The distraught parents of a four-year-old girl who died after being pulled from an Egyptian swimming pool had feared before the tragedy that their water park hotel was an “accident waiting to happen”.
Kelly and Thomas Maddison, from Bishop Auckland, visited the Jaz Makadi Aquqviva in Egypt for a holiday with their nine children for Christmas in 2017.
They told Newcastle Coroner’s Court on Monday that from the start of the trip, booked through tour company TUI, they were “not able to relax” due to health and safety concerns, including slippery floors and an unlocked door to their room leading directly to a swimming pool.
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And on December 21, the couple’s worst fears came true when their daughter Indianna Maddison went into the water of that pool.
After attempts to treat her at the local Aseel Medical Care Hospital, Indianna was taken back to Newcastle by plane. She died on December 26, five days after being pulled from the water.
The court heard that Kelly and Thomas had left the resort on December 21 with their two youngest children to collect some photos, leaving Indianna and siblings in the care of sister Billie Jean, now 25.
When they returned the little girl rushed to greet them, Thomas briefly returned to their room by the pool before going to get some food nearby. He said he knew where Indianna was and saw her by the pool steps with her siblings and had his eyes on her.
He had stopped to talk to other holidaymakers when he suddenly heard screams.
Thomas, 48, said: “There was a little boy who saw Indianna go into the pool and get his father, but by the time he told his father Indianna had gone under. I saw him pull Indianna out of the water, I heard her bang on her head as she came out of the water, her body was limp.
“There was no one to hold the crowd and get them to give Indianna space, it was chaos… My kids ran all over for help, but they couldn’t find any lifeguards.”
A friend who had taken the family on vacation managed to contain the crowd and perform CPR by the pool. When a doctor from the resort arrived on the scene, Thomas said, he merely shook his head after looking at the four-year-old’s body.
An ambulance arrived after about 15 minutes, the court heard, but it was unmanned by paramedics and fitted only with an oxygen mask that did not fit the little girl’s face. In the ambulance, as Thomas and the friend continued to attempt CPR, she began to breathe and her heart began to beat.
Despite their best efforts, by the time she reached Aseel Hospital, Indianna was left without the necessary life support for about an hour.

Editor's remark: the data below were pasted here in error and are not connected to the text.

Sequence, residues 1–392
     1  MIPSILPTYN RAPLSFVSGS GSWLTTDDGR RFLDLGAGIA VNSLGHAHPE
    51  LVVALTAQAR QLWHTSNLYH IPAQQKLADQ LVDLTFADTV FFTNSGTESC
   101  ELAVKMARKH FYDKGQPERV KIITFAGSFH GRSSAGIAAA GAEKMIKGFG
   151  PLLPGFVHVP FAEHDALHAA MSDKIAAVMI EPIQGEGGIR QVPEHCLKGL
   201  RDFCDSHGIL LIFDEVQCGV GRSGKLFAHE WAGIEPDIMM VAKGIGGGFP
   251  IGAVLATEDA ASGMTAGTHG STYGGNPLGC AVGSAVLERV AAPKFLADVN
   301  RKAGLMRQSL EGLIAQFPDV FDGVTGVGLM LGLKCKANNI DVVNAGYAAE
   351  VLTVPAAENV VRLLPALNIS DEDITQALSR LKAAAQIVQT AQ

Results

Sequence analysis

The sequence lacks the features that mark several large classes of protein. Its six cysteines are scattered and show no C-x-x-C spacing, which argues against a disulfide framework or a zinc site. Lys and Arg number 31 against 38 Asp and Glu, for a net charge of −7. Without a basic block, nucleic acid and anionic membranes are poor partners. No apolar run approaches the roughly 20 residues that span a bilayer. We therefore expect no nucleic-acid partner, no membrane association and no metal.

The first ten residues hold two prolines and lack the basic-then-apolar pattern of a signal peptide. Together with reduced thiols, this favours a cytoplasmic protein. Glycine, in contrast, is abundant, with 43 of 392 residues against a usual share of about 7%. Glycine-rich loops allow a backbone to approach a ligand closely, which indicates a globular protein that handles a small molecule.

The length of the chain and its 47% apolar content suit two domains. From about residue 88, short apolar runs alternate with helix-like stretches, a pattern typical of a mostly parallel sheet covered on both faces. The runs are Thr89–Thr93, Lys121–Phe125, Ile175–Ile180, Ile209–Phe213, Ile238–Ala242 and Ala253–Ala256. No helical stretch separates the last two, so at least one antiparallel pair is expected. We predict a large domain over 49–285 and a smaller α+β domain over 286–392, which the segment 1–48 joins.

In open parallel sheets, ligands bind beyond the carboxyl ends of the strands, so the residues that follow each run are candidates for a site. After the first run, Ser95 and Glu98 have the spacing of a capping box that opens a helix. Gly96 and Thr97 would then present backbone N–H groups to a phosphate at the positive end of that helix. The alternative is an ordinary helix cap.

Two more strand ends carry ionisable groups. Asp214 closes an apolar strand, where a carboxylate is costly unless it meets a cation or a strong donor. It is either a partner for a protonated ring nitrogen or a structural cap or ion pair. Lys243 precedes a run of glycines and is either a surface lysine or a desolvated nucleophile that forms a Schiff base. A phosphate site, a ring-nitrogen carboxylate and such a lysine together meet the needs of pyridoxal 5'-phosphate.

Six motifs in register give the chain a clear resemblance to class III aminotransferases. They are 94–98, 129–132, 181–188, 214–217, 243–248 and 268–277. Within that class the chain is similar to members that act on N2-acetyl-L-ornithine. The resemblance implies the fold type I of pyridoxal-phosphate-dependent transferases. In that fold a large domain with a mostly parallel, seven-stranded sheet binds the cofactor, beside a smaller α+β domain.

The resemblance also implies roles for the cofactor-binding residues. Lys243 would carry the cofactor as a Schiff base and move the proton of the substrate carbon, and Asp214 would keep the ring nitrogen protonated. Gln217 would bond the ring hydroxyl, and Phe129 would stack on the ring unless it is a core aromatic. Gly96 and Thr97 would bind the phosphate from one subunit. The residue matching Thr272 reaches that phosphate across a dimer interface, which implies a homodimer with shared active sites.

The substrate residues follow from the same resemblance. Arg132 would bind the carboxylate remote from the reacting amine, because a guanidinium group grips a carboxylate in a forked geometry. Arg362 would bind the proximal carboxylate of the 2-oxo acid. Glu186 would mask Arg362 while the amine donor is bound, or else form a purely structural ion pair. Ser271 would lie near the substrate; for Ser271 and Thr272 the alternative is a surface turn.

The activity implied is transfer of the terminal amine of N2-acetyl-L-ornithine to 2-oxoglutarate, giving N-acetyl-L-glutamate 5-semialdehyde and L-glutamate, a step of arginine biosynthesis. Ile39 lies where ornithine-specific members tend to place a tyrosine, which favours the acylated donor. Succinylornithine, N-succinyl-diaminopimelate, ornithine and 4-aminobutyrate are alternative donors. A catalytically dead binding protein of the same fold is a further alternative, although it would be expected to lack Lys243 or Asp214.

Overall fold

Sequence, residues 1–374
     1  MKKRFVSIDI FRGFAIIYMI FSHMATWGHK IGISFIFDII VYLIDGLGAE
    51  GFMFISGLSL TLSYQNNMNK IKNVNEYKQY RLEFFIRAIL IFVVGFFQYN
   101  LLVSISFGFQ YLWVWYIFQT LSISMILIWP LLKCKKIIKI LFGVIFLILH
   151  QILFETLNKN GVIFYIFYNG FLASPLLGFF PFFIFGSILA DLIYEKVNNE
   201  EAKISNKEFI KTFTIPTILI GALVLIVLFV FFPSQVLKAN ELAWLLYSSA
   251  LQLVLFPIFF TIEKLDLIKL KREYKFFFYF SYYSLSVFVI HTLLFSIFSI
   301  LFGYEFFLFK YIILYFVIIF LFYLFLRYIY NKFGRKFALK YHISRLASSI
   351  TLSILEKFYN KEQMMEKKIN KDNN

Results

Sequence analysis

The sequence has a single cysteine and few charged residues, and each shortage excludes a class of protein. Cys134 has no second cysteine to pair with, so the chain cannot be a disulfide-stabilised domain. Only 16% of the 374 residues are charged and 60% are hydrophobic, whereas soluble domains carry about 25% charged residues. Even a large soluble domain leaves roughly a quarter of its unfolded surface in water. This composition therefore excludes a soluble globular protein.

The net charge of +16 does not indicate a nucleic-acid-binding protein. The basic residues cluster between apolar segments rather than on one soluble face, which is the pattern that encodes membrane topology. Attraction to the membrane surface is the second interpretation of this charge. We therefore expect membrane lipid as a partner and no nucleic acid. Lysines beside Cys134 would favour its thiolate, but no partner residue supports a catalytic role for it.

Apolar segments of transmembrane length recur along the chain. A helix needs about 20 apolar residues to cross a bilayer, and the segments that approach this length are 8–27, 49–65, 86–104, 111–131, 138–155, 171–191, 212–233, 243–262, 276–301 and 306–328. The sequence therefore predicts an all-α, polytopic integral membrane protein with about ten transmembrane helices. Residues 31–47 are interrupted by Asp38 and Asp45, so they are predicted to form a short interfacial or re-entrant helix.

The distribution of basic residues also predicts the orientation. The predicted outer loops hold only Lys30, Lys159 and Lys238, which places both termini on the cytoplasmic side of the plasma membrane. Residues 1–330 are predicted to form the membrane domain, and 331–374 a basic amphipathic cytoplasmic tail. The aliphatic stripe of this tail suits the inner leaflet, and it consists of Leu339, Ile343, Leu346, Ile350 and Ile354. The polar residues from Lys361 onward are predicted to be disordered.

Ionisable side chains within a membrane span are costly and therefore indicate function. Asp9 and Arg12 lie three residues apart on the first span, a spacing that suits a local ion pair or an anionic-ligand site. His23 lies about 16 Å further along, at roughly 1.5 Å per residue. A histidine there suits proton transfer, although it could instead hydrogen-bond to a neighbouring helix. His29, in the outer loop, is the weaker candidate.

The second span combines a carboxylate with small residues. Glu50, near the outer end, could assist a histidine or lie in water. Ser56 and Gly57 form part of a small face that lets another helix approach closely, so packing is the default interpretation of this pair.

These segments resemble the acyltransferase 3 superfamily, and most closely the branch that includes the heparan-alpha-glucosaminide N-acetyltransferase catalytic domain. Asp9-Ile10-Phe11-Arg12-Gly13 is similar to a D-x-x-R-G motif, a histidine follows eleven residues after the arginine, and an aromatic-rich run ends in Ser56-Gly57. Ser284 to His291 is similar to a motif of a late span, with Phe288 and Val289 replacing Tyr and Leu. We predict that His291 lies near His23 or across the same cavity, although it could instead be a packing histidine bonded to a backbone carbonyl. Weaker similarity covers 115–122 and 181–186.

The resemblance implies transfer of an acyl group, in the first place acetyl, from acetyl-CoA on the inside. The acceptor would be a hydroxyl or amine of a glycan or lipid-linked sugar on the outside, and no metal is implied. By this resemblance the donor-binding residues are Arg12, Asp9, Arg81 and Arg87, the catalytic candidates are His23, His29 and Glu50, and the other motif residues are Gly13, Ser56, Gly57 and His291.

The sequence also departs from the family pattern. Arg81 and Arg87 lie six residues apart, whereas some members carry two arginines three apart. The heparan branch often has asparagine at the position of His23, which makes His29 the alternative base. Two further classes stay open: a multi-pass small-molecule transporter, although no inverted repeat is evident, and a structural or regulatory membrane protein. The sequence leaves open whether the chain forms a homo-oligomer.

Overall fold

Medical expert witness Dr. Kenneth Power told the court that Indianna’s only chance of survival after the approximately five minutes she spent underwater would have been if she had received immediate “state of the art” life support.
Despite this, medics at the hospital assured her family that Indianna’s condition was “thumbs up.” While there were mixed messages and communication issues, with family speaking largely to medics through a TUI representative who supported them, they said they had been given heartbreaking false hopes that their daughter would survive.
Doctors said Indianna could be flown home and arrangements had been made for her to fly to the UK with her mother on Christmas Eve.
Mama Kelly said: “There was never a doubt that Indianna wouldn’t be okay. We thought she would be handicapped at most. I was so sure she would be fine. They said everything was fine.”
She added: “We all thought she would recover. Our family even set the table for us to celebrate Christmas with them.”
But the air ambulance team worried that Indianna might not be good enough to fly and when they finally arrived at the Royal Victoria Infirmary in Newcastle on Christmas Day, the doctors there delivered some tragic news.
“They told me for no hope for Indianna, they told me she had hypoxia. I was heartbroken and so shocked,” Kelly said.
Pediatric pathologist Dr. Srinivas Annavarapu told the court that Indianna’s cause of death was hypoxic ischemic encephalopathy caused by the long time she was underwater. He said the youngster would have suffered “irreversible” brain damage by the time she was taken out of the water.
and dr. Power added that while there was “substantial criticism” of the Egyptian hospital’s actions and their communication with the family, he did not believe that mistakes made at the hospital “changed the ultimate fatal outcome”.
In his statement to the court, Thomas said before the incident it was “one of those holidays where you couldn’t relax” due to safety concerns. He added: “Kelly and I didn’t feel safe in the hotel, there were so many problems… It just looked like an accident waiting to happen.”
Before the hearing, he said he hoped it would provide “answers” for his distraught family.
He said: “It’s still so hard to accept that our little girl is gone. She always had a smile on her face and loved spending time with her siblings, who are also struggling to cope with her loss. It’s been three years now, but the pain is still so raw.
“While nothing will ever make up for our loss, and the inquest will be difficult as we have to relive everything we’ve been through, we hope it will give us answers.”
The investigation continues.
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